The Protected Cell Company

  1. What is a Protected Cell Company?
    A Protected Cell Company (”PCC”) is a single legal entity that can divide its assets between different cells within the company. When sub-divided, the assets of each cell are deemed to be entirely separate from each other and the creditors of a cell only have recourse against that particular cell. The Mauritius legislation in respect of PCCs is currently designed for the investment fund and insurance industries for the facilitation of so called “Umbrella Funds” and “Rent a Captive” operations.

    The Mauritius legislation in respect of PCCs has been recently amended to widen the applications of PCCs in Mauritius.

  2. Legal regime of the Mauritius PCC
    Mauritius enacted such legislation known as the Protected Cell Companies Act 1999 (”PCC Act”). In the year 2000, subsequent regulations were enacted under section 4(3) of the PCC Act to allow for an existing qualified global business to be converted into a PCC.

  3. Incorporation and Registration of the Mauritius PCC
    In order to be registered or incorporated as a PCC under the PCC Act, a company may carry out either of the following qualified global business activities:

    • Asset holding;

    • Collective investment schemes;

    • Insurance business

    • Specialised collective investment schemes

    • Structured finance businesses

    The registration process is similar to that of setting up a Category 1 Global Business Company and have the following features:-

  4. Features of the Mauritius PCC

    1. Legal Structure

      Under the PCC Act, a PCC is a single legal person. The creation of a cell by a PCC does not create, in respect of that cell, a legal person separate from the company. A PCC operates in two distinct parts; these parts are the Core and the Cells. There is one Core; but there may be numerous Cells.

    2. Name and Constitution

      A PCC may be easily identified from a non-PCC in that, by law, there must be included within the name of the company either the letters ‘PCC’ or the words ‘Protected Cell Company’.

      Each cell of a PCC must have its own distinct name or designation or denomination, which should be clearly set out in the agreement governing the subscription for cell shares.

    3. Creation of one or more cells

      A PCC may create one or more cells within the company, the assets of each of which must be segregated. There may be an unlimited number of cells within a PCC.

    4. Cellular and non-cellular assets

      The assets of a PCC can be either cellular or non-cellular or a combination of both. The cellular assets comprise assets attributable to the cells (Cell Assets) whereas other assets are non-cellular and attributed to the Core (Core Assets).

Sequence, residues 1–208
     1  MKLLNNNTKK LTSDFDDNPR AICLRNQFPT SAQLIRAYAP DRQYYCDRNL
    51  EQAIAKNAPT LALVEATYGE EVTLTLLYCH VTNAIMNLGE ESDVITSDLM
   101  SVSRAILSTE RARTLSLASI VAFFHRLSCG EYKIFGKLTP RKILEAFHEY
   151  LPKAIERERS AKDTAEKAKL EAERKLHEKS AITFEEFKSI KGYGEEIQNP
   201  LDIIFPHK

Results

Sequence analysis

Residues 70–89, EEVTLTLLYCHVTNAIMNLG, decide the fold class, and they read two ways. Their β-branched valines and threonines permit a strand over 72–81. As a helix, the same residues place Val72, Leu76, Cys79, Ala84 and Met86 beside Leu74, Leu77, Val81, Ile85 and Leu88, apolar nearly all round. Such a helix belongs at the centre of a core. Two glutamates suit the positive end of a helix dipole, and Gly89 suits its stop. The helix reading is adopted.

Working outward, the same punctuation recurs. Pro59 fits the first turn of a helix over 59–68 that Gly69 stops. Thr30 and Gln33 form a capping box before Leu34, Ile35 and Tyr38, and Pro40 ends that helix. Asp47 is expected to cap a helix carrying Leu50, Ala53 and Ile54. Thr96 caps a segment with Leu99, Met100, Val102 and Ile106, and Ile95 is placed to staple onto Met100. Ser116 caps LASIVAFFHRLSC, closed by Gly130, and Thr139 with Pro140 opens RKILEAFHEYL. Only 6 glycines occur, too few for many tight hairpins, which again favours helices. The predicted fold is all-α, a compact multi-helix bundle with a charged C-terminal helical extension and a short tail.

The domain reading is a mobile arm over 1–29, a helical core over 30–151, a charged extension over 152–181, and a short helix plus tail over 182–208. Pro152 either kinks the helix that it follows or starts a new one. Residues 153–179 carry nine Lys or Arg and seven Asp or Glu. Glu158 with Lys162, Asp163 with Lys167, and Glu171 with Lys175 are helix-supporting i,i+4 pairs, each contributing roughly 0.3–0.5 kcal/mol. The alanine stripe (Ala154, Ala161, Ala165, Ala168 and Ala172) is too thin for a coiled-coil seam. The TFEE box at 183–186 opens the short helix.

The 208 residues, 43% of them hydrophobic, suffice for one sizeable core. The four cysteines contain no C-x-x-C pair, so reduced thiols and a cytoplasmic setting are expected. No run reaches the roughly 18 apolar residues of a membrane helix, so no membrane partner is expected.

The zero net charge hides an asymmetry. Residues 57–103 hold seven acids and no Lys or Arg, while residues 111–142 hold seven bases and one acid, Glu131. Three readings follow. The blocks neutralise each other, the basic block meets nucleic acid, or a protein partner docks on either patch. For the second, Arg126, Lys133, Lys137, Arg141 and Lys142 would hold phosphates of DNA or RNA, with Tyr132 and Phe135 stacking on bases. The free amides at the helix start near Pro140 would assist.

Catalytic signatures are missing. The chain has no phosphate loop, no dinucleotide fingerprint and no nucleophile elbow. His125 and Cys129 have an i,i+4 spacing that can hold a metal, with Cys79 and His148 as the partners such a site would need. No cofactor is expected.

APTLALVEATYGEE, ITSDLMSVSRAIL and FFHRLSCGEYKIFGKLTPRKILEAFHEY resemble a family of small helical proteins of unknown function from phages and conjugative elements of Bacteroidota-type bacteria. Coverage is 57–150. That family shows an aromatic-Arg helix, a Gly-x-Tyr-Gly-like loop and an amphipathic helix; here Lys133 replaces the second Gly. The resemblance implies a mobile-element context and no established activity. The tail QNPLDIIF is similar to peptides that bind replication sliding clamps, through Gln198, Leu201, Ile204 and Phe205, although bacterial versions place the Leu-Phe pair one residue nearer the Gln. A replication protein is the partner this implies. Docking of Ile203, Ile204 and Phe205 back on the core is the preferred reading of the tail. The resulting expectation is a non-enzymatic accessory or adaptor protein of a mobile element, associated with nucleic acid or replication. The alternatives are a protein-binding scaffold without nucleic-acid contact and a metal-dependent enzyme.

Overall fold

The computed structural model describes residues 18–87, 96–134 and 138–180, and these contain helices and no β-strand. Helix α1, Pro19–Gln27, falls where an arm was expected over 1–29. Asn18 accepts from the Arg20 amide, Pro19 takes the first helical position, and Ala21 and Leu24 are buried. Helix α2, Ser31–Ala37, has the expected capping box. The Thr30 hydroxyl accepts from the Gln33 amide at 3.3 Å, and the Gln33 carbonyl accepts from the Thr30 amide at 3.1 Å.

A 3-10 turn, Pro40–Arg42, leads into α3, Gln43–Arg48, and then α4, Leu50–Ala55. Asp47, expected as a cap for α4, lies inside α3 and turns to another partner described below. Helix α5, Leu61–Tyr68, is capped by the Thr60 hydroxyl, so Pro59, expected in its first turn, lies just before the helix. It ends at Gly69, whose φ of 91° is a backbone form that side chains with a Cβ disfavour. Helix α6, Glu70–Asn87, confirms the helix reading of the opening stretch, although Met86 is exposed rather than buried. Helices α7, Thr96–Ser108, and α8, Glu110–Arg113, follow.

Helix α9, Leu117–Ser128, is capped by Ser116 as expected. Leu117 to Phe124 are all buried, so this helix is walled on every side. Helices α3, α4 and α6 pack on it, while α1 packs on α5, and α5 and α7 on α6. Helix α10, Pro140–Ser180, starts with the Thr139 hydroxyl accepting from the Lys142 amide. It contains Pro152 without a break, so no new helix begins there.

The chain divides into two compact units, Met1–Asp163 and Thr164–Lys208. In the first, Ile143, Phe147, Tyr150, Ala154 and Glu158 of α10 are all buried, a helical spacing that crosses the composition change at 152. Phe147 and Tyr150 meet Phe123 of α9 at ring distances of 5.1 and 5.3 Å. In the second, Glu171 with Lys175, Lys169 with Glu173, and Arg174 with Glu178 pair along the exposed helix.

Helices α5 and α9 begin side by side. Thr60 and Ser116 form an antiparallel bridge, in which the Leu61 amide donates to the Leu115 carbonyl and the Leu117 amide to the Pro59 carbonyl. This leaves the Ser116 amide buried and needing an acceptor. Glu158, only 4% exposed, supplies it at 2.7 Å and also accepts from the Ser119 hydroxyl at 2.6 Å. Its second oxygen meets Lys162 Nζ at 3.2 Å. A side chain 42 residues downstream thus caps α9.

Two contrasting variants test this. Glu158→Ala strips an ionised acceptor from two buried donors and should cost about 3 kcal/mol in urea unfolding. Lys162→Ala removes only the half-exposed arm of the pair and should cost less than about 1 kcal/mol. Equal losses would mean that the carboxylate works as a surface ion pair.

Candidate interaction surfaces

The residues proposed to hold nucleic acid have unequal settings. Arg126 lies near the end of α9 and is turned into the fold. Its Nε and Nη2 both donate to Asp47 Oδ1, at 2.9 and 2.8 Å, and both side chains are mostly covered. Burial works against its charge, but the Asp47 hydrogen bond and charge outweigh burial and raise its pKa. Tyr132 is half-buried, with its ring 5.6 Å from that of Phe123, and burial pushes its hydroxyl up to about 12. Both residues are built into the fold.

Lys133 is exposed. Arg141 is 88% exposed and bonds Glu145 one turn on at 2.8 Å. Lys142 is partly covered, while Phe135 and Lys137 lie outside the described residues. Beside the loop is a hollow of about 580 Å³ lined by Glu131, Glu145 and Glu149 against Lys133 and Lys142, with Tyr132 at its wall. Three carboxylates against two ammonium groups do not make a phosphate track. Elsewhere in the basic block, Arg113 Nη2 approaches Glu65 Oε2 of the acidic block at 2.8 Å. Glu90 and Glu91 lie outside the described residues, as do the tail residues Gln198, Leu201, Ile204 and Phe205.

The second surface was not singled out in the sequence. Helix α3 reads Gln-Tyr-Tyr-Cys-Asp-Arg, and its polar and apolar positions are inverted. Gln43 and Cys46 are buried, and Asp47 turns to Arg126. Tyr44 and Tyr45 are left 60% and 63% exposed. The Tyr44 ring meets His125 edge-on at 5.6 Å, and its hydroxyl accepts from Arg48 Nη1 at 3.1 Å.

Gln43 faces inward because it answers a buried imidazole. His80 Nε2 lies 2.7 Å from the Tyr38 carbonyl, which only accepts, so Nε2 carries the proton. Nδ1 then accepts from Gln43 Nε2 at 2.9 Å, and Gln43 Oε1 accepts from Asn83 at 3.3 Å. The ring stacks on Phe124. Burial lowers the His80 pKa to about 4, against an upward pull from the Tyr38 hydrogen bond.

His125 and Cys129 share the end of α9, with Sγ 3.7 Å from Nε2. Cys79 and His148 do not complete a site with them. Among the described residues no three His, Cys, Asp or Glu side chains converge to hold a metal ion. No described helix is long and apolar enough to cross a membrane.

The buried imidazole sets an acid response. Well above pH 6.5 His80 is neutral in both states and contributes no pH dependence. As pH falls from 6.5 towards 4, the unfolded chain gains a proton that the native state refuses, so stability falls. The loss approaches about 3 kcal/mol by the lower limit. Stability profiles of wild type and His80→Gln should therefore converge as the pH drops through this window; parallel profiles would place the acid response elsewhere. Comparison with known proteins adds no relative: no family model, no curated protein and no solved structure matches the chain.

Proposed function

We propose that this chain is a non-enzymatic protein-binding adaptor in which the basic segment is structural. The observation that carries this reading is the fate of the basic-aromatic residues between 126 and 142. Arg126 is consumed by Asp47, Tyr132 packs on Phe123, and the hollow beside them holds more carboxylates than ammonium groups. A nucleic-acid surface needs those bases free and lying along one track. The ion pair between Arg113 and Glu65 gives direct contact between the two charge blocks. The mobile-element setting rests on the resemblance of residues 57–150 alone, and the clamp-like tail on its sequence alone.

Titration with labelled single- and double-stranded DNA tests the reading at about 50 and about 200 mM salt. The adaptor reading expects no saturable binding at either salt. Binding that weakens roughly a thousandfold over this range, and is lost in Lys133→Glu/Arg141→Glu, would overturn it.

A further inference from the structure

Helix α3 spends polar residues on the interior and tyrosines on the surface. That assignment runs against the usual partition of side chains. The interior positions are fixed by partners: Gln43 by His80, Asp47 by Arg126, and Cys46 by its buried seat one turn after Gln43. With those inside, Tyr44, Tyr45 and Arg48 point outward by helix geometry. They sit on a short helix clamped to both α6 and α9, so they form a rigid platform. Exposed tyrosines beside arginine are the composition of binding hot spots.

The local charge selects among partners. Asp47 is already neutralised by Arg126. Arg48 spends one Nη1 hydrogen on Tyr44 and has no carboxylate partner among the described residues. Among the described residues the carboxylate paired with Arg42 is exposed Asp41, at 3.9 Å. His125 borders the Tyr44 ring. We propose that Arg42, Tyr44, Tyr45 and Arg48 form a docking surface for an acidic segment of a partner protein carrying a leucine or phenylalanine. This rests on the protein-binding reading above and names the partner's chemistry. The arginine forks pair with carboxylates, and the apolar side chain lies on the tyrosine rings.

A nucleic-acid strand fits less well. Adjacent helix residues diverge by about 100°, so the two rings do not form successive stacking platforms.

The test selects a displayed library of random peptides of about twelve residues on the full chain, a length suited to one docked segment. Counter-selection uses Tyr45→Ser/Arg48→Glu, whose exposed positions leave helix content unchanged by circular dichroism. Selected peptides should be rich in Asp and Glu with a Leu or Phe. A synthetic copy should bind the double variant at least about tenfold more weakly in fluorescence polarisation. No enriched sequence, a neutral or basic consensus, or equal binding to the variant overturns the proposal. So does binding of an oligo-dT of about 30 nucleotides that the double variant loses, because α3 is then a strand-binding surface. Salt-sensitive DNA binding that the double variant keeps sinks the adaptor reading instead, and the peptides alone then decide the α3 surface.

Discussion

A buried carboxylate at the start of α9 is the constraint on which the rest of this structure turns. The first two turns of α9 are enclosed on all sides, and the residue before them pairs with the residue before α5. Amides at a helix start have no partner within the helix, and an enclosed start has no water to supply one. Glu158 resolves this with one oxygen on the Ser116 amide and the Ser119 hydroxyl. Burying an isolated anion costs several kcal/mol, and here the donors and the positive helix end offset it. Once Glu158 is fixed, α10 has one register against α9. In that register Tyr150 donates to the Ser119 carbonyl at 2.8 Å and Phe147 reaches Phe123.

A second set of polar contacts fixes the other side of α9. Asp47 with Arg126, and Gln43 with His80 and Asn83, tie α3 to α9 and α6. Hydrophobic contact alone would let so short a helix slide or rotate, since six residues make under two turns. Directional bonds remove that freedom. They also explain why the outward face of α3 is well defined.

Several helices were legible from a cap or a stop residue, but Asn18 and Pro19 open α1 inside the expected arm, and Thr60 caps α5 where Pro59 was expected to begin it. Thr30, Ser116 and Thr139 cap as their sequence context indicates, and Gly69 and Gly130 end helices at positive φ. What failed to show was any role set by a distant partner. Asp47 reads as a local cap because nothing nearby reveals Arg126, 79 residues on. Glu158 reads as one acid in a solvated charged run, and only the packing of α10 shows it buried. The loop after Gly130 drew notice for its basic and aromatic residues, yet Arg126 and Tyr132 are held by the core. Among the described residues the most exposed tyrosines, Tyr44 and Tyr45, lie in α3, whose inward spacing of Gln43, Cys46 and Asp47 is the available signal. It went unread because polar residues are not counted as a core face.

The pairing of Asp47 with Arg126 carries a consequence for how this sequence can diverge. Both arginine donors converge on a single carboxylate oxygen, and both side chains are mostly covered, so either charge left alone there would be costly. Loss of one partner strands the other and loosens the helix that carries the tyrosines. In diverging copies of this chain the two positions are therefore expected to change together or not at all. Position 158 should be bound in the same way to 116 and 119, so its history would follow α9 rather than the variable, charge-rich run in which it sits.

5. Shares and Share Capital

      A PCC will generally have two classes of shares:
       

      • Ordinary shares, which control the Core, these being the voting shares of the PCC
      • Cellular shares, which are related to individual Cells and which will be distinct and separate from other Cells. The voting rights of Cellular shares are limited to the management of its respective cell.
    6. Management of the PCC

      The assets of a PCC can be either cellular or non-cellular or a combination of both. The cellular assets comprise assets attributable to the cells (Cell Assets) whereas other assets are non-cellular and attributed to the Core (Core Assets).

    7. Management of the PCC

      Like any other company, the PCC is managed by its Board of Directors. However, the management may be transferred or shared through a management contract to an Investment Manager in the case of collective investment schemes.

    8. Reporting requirements

      A PCC is required to submit annual audited accounts to the FSC only.
      Tax returns need also be filed accompanied by statement of accounts signed by directors.

    9. Taxation

      A protected cell company will have to pay tax on a cell basis. If the PCC is a qualified global business company, each cell would therefore be taxed at a rate of 15% but application of the “deemed foreign tax credit regulations” could reduce the tax liability to as low as 3%.

  5. Liability of the Mauritius PCC
    The PCC Act sets out the transaction terms of a PCC with regards to its liabilities and the provisions thereof for the recourse to cellular assets by creditors and the protection of creditors.

  6. Winding up and Liquidation Procedures for the Mauritius PCC
    Unlike other qualified global business companies, dissolution of the PCC is addressed by special provisions in the PCC Act, which provides for receivership and administration orders and new recourse to the creditor of the insolvent cell to the assets of the other solvent cells. Special winding up procedures are provided in the PCC Act, which protects contagion of solvent cells by insolvent ones.